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Published: 2011/12/15

Joe Gallant Reboots Illuminati

On Saturday night, Joe Gallant will return to the stage with Illuminati. This 18 piece orchestra will reassemble after nearly a decade for a performance at Brooklyn Bowl, following a stretch during which the group gained notoreity with its big band arrangements of Grateful Dead albums Blues For Allah and Terrapin Station. In the following converasation Gallant shares some insight into what folks can expect on Saturday and what looms on the horizon as well.

For our readers who are unaware, how would you describe Illuminati?

A dark-plumed dead-of-night freight-train, disguised as an 18-piece orchestra dedicated to my original music and to my evocative arrangements of Grateful Dead songs.

What sparked its return?

it just feels like a great time to rev it up, in an era when the jamband aesthetic feels closer in some ways to my jazz/improv roots than a few years ago… it seems the scene might also benefit in some small way from this strange mutant leviathan large-scale chamber/jazz ensemble, with its scene history and its dense, celebratory writing, awakening from slumber and slouching toward Bethlehem. Again.

What had you been up to in the interim?

I was a filmmaker fulltime for the last 10 years, writing/directing/ scoring/ sound designing all my projects here in town and in LA, making the periodic pilgrimage to awards shows and screenings in Vegas and Europe.. I finished segments of my “junkie-eros revolutionary opera” that some folks in Berlin are considering staging, I wrote a big chunk of a book I’m shopping, and I opened a theater/rehearsal space in Las Vegas a while back, which was an extremely Hunter Thompson-esque chapter.

What’s new this time? What did you learn from last time?

It feels like i can take the energy and familiarity of the Dead material and mix it even more readily with my more avant leanings, in terms of more experimental/operatic/cinematic directions, more now than a decade ago. That’s an element I plan to incorporate as we start things up anew.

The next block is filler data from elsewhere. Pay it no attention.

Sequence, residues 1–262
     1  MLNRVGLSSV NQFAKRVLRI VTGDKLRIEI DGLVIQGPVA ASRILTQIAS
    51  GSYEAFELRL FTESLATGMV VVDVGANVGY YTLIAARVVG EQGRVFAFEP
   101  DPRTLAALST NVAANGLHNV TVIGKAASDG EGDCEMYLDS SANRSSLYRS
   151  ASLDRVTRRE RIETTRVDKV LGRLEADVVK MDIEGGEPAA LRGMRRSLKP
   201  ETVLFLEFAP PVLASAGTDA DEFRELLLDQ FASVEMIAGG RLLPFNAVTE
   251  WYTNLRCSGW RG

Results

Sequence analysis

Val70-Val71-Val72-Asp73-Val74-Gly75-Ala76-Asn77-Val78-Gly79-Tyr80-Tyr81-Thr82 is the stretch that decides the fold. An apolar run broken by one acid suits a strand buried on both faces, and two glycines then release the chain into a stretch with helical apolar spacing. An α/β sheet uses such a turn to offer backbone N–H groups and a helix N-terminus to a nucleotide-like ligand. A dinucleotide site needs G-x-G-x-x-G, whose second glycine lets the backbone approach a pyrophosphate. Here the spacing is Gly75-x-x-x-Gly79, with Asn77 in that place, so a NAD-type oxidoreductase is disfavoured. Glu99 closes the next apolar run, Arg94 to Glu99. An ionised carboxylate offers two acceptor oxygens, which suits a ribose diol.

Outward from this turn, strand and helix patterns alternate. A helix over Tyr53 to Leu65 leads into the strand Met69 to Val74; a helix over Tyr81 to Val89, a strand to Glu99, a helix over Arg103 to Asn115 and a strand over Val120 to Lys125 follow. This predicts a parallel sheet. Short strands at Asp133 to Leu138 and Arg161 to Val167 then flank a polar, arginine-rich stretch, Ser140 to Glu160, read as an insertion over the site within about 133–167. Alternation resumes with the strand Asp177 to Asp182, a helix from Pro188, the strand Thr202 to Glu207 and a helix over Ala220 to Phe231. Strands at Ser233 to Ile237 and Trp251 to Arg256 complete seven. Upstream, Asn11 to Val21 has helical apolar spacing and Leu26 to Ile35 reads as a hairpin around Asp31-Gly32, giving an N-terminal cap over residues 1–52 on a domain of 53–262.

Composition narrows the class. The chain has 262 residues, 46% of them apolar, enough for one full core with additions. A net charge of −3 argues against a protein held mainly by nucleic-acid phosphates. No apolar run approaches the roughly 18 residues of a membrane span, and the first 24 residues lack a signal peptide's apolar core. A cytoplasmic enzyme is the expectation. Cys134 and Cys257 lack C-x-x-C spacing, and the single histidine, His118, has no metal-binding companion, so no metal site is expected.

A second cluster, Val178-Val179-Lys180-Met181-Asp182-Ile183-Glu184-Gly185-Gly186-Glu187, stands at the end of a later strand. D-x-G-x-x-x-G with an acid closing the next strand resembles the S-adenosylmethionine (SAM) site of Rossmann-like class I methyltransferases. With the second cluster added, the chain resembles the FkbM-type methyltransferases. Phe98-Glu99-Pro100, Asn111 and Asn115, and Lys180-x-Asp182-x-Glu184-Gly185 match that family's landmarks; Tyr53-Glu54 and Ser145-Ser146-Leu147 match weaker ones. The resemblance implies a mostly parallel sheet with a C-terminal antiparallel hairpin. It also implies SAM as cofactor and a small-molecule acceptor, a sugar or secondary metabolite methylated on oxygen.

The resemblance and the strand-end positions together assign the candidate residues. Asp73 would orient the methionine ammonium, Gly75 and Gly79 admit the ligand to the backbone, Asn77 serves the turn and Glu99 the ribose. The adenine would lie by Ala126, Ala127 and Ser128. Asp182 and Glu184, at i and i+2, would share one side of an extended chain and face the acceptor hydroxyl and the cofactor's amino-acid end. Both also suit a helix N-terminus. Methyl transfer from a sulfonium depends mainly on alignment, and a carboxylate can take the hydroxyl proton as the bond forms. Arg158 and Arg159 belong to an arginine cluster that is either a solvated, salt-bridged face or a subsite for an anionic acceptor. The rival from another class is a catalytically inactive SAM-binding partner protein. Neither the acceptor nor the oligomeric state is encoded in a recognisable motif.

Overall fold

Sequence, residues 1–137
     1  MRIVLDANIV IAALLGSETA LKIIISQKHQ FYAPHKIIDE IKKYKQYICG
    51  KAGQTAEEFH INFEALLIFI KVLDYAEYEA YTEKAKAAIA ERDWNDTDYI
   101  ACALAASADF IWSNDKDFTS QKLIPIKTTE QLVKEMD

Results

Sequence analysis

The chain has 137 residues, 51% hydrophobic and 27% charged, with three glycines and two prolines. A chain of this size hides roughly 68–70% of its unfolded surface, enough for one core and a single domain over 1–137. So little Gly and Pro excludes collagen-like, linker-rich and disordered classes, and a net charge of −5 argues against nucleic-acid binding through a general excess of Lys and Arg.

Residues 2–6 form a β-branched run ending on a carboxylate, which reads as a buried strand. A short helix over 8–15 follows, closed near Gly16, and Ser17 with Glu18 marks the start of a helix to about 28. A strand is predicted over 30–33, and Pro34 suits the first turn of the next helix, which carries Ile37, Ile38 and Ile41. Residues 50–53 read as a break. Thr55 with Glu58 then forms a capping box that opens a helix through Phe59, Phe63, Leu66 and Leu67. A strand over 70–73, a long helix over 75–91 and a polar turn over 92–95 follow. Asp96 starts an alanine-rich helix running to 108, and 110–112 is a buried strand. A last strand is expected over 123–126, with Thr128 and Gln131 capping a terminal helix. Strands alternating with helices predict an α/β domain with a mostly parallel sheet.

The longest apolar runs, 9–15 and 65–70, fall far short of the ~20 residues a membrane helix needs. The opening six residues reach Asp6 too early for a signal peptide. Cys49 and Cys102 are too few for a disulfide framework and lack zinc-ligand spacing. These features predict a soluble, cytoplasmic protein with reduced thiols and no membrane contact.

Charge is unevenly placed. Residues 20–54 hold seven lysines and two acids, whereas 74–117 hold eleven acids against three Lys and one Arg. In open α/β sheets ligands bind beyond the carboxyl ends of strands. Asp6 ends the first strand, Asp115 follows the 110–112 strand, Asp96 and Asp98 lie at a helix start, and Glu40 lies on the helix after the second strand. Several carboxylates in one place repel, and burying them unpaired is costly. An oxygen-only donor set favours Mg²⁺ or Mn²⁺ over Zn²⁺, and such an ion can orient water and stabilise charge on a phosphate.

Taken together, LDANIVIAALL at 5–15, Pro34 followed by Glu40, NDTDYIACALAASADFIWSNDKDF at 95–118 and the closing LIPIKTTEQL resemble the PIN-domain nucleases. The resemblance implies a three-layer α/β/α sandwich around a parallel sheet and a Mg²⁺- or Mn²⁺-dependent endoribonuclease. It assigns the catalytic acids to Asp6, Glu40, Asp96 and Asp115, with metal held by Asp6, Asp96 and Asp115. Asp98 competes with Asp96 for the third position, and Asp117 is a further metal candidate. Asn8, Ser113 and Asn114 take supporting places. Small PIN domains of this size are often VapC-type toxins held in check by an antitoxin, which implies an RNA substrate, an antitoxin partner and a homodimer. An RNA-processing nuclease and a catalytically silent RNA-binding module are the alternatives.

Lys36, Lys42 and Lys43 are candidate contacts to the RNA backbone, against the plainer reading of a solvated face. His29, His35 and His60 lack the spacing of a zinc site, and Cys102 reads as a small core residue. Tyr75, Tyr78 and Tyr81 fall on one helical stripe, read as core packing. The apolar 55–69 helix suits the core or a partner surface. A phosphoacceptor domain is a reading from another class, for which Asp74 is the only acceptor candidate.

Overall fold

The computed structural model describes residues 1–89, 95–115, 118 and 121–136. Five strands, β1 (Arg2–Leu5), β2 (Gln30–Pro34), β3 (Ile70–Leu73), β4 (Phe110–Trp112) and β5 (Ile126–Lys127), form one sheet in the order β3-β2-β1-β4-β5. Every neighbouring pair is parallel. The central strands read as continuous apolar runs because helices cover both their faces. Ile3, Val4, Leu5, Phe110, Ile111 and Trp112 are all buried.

Back in the later 90s, I created a body of original work that grooved hard and was less thorny than Illuminati’s original chamber music of the early 80s and 90s, specifically written to be part of the live shows and jamband festivals we were doing… I think in this new cycle, I can bring back some of the more dense material over time, and assimilate it into the process. It’s what makes Illuminati’s book unique, I think.

How many songs have you worked up and what has been the most significant challenge?

I think there’s approximately 50 Dead arrangements and approximately 55 originals in the Illuminati book, written over a 20-year period.

What is your favorite memory of past gigs?

In my other projects over the years, several Knitting Factiry tours of Europe with Prima Materia, a John Coltrane rep quartet, were completely life-changing. A revelatory upright bass/tenor sax duet session with the late, brilliant Michael Brecker for a Japanese sax promo commercial was a highlight and a true gift. Meeting and hanging with Phil Lesh on several occasions was like climbing the highest peak- where can you go from there, but back down the mountain with your head full of offhanded dharma wisdom and humor? Illuminati’s Town Hall gig was fantastic… and in our Dead-arrangement years, the Great American Music Hall gigs, the Fillmore gig, the Camp Creek night, the Paradiso in Amsterdam, tons of Wetlands gig are all great memories, among a Cornell box of other fine Illuminati moments.

Can you talk about some of the feedback you have received over the years for the project?

People have really dug the band in its several incarnations- Illuminati’s chamber/jazz years definitely had serious “downtown” adherents, as did the Dead-music/jamband-circuit years- I hear from people all the time who still listen to “The Blues for Allah Project” and “Terrapin” CDs, and my big setpiece originals projects, “Code of the West” and Shadowhead.” During the Dead-music years, some critiques have been directed toward the vocal styles, and I do understand what they’ve meant. My new approach to the vocals is to keep them clear and simple. The 3 chicks we have on this gig- Alexis Thomason, Cindy Lopez from Half Step and Chriss Dalen, are amazing.

Beyond the Brooklyn Bowl show, what else is in the offing?

A new live Illuminati CD will be released soon by Unseen Rain records. I’ve also created a fantastic Dead-esque project over the last 2 years that lies heavily under wraps until i have a few key elements in place. Hopefully, it can be unveiled soon. We also plan to make some fresh inroads into the jamfest circuit this summer, because it’s a great way to connect, have a blast, and to make new chums & allies on the scene.

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